NYC rules to require film permits for… well… everybody

It’s always nice with government tries to control how art is produced. Here in NYC Mayor Bloomberg has decided that everyone who plans to film in a public place should get a film permit (this would be for two or more people in an area with a camera for more than 30 minutes, or for two or more people in an area with a tripod for 10 minutes).
Guerilla filmmaking is one of the fastest growing and exciting artforms out there today. YouTube gives a wider audience to these small filmmakers than any format in history, and their ability to shoot on the run with very little budget forces their creativity and technique in interesting ways. To demand that they get the same license required of a “Law & Order” shoot is ridiculous. I’ve been a part of guerilla filmmaking. It’s not obtrusive and the public is so unaware of its existence that there is no public support for these new rules. L&O on the other hand shuts down entire streets for hours at a time. I used to live in a part of Brooklyn where “The Squid and the Whale” and “War of the Worlds” were partially shot. Entire streets were closed off for days. A show called “Stella” filmed around the corner from me one afternoon inside a building and their trucks blocked two streets for four hours. Now they want three guys with a handheld camera and a script written on a napkin to get the same permit and shell out the same insurance forms as the big guys?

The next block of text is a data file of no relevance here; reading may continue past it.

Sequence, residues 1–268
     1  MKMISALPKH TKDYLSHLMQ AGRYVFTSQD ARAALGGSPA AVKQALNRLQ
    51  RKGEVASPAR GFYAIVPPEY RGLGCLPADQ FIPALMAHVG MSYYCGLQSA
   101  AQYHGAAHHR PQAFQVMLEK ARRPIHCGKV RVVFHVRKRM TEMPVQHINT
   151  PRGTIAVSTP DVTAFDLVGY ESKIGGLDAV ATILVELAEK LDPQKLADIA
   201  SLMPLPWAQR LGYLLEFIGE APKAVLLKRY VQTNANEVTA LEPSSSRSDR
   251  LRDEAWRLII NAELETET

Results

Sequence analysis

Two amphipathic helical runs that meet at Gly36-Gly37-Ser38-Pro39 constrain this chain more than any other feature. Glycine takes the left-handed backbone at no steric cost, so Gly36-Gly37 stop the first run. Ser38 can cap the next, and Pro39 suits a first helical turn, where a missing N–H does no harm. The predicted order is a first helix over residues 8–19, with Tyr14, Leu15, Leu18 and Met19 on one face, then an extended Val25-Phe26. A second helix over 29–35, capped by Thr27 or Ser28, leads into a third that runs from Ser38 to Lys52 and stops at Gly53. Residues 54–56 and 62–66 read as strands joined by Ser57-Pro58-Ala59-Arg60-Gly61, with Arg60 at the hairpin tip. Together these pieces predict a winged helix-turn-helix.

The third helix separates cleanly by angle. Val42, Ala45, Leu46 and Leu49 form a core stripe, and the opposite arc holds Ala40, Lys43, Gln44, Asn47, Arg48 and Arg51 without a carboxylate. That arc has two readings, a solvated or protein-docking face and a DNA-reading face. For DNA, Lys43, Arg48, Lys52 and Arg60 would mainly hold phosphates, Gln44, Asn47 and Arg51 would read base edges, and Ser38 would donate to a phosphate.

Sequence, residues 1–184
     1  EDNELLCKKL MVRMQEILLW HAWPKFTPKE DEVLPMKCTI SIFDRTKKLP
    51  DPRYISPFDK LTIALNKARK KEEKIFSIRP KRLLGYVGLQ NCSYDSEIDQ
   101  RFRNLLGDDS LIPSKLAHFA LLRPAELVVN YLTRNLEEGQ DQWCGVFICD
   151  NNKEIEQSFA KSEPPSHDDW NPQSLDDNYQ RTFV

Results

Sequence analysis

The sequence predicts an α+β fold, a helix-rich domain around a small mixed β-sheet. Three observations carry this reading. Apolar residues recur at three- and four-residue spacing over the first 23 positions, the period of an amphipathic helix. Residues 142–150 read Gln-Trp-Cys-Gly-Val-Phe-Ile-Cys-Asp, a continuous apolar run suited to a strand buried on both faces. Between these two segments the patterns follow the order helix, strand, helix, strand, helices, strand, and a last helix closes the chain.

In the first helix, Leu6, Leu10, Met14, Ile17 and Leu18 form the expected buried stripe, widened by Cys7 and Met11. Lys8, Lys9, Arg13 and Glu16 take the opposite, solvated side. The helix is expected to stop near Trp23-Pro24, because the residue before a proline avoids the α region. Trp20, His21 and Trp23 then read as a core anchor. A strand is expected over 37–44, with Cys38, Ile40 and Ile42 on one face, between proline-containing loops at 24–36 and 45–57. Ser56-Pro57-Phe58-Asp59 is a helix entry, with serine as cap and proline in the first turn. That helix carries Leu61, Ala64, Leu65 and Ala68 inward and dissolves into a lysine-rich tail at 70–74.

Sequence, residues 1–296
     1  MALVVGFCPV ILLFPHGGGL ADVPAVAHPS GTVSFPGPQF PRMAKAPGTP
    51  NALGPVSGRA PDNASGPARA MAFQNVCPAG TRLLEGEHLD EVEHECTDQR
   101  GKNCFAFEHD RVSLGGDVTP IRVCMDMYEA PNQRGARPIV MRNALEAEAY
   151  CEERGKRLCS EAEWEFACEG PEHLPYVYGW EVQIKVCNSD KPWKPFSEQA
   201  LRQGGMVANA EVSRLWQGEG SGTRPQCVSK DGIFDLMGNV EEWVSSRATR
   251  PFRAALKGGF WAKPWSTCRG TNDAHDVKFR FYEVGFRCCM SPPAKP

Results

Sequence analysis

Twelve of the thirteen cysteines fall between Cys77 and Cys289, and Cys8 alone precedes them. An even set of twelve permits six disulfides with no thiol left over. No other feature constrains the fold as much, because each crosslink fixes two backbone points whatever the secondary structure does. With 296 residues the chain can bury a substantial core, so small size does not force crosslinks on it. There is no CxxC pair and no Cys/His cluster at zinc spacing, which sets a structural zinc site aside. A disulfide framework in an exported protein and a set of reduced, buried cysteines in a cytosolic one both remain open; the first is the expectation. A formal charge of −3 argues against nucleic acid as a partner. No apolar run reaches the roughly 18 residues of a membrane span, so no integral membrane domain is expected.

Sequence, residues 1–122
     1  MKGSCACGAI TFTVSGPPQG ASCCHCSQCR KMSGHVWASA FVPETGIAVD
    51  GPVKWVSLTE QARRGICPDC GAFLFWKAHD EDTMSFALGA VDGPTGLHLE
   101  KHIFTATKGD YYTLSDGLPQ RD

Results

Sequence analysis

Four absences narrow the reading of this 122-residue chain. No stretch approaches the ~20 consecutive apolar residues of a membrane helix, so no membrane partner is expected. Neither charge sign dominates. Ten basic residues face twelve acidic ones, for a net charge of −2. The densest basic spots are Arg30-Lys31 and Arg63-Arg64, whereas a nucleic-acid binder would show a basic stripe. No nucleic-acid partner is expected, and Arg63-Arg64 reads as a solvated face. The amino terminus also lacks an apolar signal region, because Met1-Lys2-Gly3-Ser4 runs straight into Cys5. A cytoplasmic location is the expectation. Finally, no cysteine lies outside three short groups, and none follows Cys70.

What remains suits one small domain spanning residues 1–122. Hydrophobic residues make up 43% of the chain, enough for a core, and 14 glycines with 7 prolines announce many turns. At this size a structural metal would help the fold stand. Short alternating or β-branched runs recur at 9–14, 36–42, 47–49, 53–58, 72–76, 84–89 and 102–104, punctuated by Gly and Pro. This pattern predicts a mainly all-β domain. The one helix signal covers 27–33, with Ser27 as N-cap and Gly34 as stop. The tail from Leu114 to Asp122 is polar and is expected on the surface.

2 thoughts on “NYC rules to require film permits for… well… everybody

  1. I’m still trying to picture what guerilla filmmaking entails. In my mind, I picture it something like Bowfinger’s production of Chubby Rain–lots of hiding in shrubbery and covert filming of dialogue.
    Anyway, whatever it is, damn The Man for trying to stifle it.

  2. actually, guerilla filmaking usually entails an annoying roomate who pesters you into wearing a fake rasta dreadlock wig and spouting his ridiculous amatuerish prose in a really bad Jamaican accent
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